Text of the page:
One occasion where it isn’t rude to stare. Go right ahead.
I consulted everything in this photo, and I have permission. It’s flattered, honestly.
Take a second to take in the syrupy, glistening, rich sheen. Check out the hunks of crisped smoky bacon. Ogle the soft, sweet, mellow onion and the spicy chunks of jalapeno.
Coffee is in there, for deep flavor and color. Also apple cider vinegar, for the balance that a sharp bite brings. They’re a bit camera-shy, but beloved just the same.
So, yeah. That’s what I’ve been doing with my life: making decadence happen.
I know I don’t need to tell you what to do with this, but I will anyway. If you don’t just eat it all with a spoon, you could jar it and give to friends, or people whom you want to befriend (this is foolproof). You could use it to take sandwiches to soaring new heights. Put it on a cheese/crackers tray. Stare at it, hold it gingerly, take it on a walk, name it George. You will find a use.
I found one possible use while I was right in the middle of photographing it. Yeah…
No regrets. If I had a banana, I probably would’ve brought Elvis back to life.
(If anyone asks, I would like that last sentence on my headstone when the time comes.)
(adapted from )
1 1/2 pounds (24 oz) sliced bacon, cut into 1-inch pieces
2 medium yellow onions, diced
2 jalapenos, chopped (seed them if you want a milder jam)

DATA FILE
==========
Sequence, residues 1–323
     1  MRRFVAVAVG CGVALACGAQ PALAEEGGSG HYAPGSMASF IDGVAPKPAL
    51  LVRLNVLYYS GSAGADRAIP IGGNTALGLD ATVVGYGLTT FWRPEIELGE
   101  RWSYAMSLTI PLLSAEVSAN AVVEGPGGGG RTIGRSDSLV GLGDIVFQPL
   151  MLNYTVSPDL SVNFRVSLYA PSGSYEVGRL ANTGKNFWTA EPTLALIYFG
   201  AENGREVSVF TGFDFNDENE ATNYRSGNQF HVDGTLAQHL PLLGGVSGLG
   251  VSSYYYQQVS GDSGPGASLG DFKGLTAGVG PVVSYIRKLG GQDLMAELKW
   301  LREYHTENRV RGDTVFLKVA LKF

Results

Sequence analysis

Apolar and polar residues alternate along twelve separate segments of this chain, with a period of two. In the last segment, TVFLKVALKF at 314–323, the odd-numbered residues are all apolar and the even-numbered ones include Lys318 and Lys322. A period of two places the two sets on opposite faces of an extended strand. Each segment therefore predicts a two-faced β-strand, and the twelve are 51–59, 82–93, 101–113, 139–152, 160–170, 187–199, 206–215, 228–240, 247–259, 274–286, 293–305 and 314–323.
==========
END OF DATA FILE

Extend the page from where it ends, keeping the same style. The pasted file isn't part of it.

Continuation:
3 garlic cloves, smashed and peeled
1/2 cup apple cider vinegar
1/2 cup packed dark-brown sugar
1/4 cup maple syrup
3/4 cup brewed coffee
Cook the bacon in a big skillet or pot over medium-high heat until crisped and the fat is renedered (about 20 minutes). Use a slotted spoon to transfer the bacon onto a paper-towel lined plate and set aside. Pour all but a tablespoon of the fat from the skillet or pot, then add the onions, jalapenos and garlic. Saute until onions are translucent and jalapenos soft (6 minutes or so). Add the remainder of the ingredients (except the bacon) and bring the mixture to a boil, scraping up the browned bits from the bottom.
Stir in the bacon, then transfer mixture to a slow cooker and cook on high for about 4 hours (original recipe says this mixture gets syrupy, which I found not to be the case, but it turned out well anyway). Pulse in a food processor or blender to your desired level of chunkiness (I’d recommend leaning to the chunky side), cool, and store refrigerated in an airtight jar. Makes a generous pint.